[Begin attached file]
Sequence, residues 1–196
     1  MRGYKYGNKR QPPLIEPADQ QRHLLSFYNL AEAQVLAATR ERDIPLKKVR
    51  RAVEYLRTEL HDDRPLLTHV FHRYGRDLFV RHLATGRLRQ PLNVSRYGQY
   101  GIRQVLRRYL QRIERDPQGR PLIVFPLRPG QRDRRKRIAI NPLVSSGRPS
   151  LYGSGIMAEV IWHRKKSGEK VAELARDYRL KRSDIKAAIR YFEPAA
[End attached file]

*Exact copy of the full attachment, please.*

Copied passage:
Sequence, residues 1–196
     1  MRGYKYGNKR QPPLIEPADQ QRHLLSFYNL AEAQVLAATR ERDIPLKKVR
    51  RAVEYLRTEL HDDRPLLTHV FHRYGRDLFV RHLATGRLRQ PLNVSRYGQY
   101  GIRQVLRRYL QRIERDPQGR PLIVFPLRPG QRDRRKRIAI NPLVSSGRPS
   151  LYGSGIMAEV IWHRKKSGEK VAELARDYRL KRSDIKAAIR YFEPAA